Here they come again - the unusual pair of kids. She is petite with waist length blond hair and he is tall with dark hair. They aren't a couple - you can always tell because they rarely hold hands and they never, ever kiss. But there is something about the pair that let's you know they are the best of friends.
He eases me out of the garage with the care of a much older man, checking the gas and oil. He kicks my tires to make sure there is enough air, then he swings one leg over my soft leather seat. He is not always this careful when it is just he and I, but he is always careful when she comes along.
With one easy kick, he starts my loud motor, then he peels out of the driveway, throwing gravel in our wake. This is 1976, so helmets are not yet a requirement - they are a nuisance and his dark hair ruffles as he speeds across the neighborhood.
Pulling up in her backyard, she is already waiting - a pink bandanna wrapped around her long tresses. She can always hear us well before we get to her house. Smiling like the Cheshire Cat, she climbs on behind him and away we go.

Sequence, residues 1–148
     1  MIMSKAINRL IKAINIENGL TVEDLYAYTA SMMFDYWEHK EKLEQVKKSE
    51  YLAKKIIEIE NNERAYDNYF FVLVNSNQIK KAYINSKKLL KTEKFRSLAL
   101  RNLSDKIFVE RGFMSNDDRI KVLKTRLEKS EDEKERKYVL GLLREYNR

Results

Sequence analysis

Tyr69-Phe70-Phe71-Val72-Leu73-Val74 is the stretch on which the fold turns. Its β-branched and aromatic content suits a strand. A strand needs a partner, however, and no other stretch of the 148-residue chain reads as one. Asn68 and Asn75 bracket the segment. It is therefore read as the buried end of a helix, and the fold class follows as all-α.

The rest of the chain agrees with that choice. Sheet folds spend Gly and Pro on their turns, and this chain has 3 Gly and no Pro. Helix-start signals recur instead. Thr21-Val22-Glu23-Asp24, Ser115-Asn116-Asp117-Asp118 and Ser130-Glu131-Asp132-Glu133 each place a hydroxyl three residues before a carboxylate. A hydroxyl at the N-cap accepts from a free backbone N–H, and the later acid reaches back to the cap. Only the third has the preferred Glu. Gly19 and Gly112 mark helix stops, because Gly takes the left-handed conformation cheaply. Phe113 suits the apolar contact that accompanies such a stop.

She always holds him tightly because even though she loves to ride, she is terrified she will fall off. But I think this is part of the thrill for her - the wind in her hair and face and the two of them as one, with me as their steed.
They leave the road and go into the field. A giggle escapes her lips and she yells above my motor, "Faster, faster." We fly through the field until we hit the trail to the river.
He slows down as the path becomes narrow and within minutes we have entered the clearing. The path opens to a small meadow at the rivers edge. He pulls to a stop and they both climb off. He sits near the river bank and she climbs up on her favorite rock.
Together they are one in the gentle silence with only the ticking of my cooling motor, the slow flow of the Salt River and the beautiful summer sunshine.
Monday, April 26, 2010
The following prose piece was a jump start exercise from my last writers' group. We were supposed to invision an inanimate object from our early teenage years and then write a piece from the point-of-view of this object. We were given 15 minutes to write, and here is what I wrote: